ShockwaveCountdown to Hiroshima
HarperCollins Publishers, Inc.Copyright © 2005 Stephen Walker
All right reserved.ISBN: 0060742844
Sunday, July 15, 9 P.M.
Trinity Test Site,
Forty Miles South of Socorro, New Mexico
Don Hornig stared up at the tower. The wind and rain whippedthrough the steel latticework. The storm that had been buildingthroughout the day had finally erupted in all its fury. Flashes oflightning lit the San Andres mountains to the south, and the desertechoed with the growl of thunder. The tower loomed 103 feet aboveHornig's head, a network of black braces and girders reachingupward like a giant electric pylon. By now the clouds were racing solow across the sky, he could barely see the top. Which was just aswell, really. He did not want to think about what was at the top.
He began to climb. The wet steel slipped between his fingers andthe rain stung his eyes, making it difficult to see. He wore no safetyharness. Rung by rung, he pulled himself up the ladder. It was slowgoing, but he was only twenty-four, and the long Sunday rides overthe Pajarito mountain trails near Los Alamos kept him fit. Once ortwice he stopped, and he could see the guards below him lookingup, like ants on the desert floor. They seemed a long way down.
At the top of the tower, a simple corrugated tin shack rested on a square wooden platform. It was a flimsy, cheaply made structure,obviously not designed to last. It was not much bigger than a gardenshed. One of its walls was open to the elements. Hornig stepped offthe ladder beside it, pausing by the entrance. A huge, dimly discernibleshape crouched inside. There was a bare sixty-watt bulbhanging from the roof. Hornig switched it on and peered inside.
Hulking on a cradle was a metallic-gray, bloated, four-ton steeldrum, and it took up almost every inch of space in the shack. Evenby day it would have looked ominous, but it looked especially sonow with the wind whipping the tin walls, and the dim bulb swayingfrom the ceiling, and the lightning and thunder edging nearer.A fantastic complex of cables sprouted from its sides like a spillageof guts or arteries, as if it were somehow not inert at all but actuallyorganic, a growing, living, autonomous embryo, awaiting themoment of its birth. Perhaps in acknowledgment of its essence, itscreators had even given it a name. A number of names, in fact.They called it The Beast, The Gadget, The Thing, The Device. Sometimesthey just called it It. The one thing nobody ever called it waswhat it actually was. The world's first atomic bomb.
Hornig squeezed down beside it. The rain pelted on the tin rooflike a thousand hammer blows. The wind rattled the thin walls ofthe bomb's cage. In a few hours, a fellow scientist named Joe Mc-Kibben, standing in a concrete bunker exactly 10,000 yards to thesouth of this tower, would initiate the final act in what was almostcertainly the biggest and most expensive scientific experiment inhistory. McKibben would press a switch on a panel that in turnwould close an automatic timing circuit and begin a forty-five-secondcountdown. At the end of that time a number of differentthings could happen. The bomb could fail to go off. Or it could detonatewith varying magnitudes of explosion. Or, as one NobelPrize-winning scientist believed possible, it could set fire to theearth's atmosphere, in the process destroying all life on the planet.The difficulty was that nobody knew.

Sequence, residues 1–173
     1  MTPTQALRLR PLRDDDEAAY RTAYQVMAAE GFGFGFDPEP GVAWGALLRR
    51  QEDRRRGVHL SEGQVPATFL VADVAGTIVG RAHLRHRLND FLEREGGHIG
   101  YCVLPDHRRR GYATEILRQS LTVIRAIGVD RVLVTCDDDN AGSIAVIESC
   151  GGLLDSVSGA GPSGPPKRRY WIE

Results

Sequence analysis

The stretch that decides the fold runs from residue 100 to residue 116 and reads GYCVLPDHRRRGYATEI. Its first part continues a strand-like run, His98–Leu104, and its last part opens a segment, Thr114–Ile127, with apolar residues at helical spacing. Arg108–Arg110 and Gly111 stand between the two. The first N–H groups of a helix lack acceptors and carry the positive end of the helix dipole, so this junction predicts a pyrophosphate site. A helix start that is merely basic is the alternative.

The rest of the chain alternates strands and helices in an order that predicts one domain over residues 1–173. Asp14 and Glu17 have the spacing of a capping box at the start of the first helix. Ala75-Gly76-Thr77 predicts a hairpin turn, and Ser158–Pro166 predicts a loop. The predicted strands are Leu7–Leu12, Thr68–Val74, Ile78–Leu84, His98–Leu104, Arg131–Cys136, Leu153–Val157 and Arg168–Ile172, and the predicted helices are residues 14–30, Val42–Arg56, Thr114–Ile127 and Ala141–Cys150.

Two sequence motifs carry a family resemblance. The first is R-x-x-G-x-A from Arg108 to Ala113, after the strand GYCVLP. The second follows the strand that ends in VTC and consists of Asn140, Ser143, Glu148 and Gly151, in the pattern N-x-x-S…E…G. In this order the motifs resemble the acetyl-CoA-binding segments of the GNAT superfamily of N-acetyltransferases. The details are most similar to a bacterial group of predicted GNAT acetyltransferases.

The only other object in the tin shack, besides an atomic bomb, was a telephone. It was Hornig's sole means of communicationwith the outside world. The lines ran down the tower and outthrough the desert to the control bunker. They were supposed tocall him when it was time to come down, and he was supposed tocall them if anything went wrong. That was the theory, at any rate.In practice, if anything did go wrong, there might not be muchtime to start making phone calls.
He had not asked for this job. It was a last-minute decision,made only a couple of hours earlier by the director of the bomb'slaboratory, J. Robert Oppenheimer. Oppenheimer was worriedabout pretty much everything that night, but right then one of hismain concerns was security. He wanted somebody to go up there,babysit the bomb, keep a watchful eye on things. Maybe Hornigwas unlucky enough to be in the wrong place at the wrong time,but he was an obvious choice. A brilliant Harvard-trained chemist,he had spent the early war years in New England researching underwaterexplosives. One day in 1943 his boss had called him intothe office and told him he was wanted for a job so secret, not evenhis boss had a clue what it was. Within days, Hornig had sold hisbeautiful forty-five-foot yacht Siesta, bought himself a secondhand1937 Ford Coupe, and together with his twenty-year-old wife, Lilli,an equally brilliant German Jewish refugee whom he had met in achemistry course at Harvard, headed out west. Their destinationwas a place he had never heard of. It was called Los Alamos, a secretlaboratory in the high mesas northwest of Santa Fe, where theywere building very special bombs.
Over the next two years, Hornig designed a wondrously complexpiece of equipment called the X-unit. Essentially the bomb'selectric trigger, it would, at the requisite time, send a five-and-a-half-thousand-volt charge to sixty-four detonators arranged in geometricpatterns around the bomb's sphere, like cloves stuck in anapple. Of course, if anything went wrong with the X-unit, therewould be no firing charge, no detonation, no explosion ...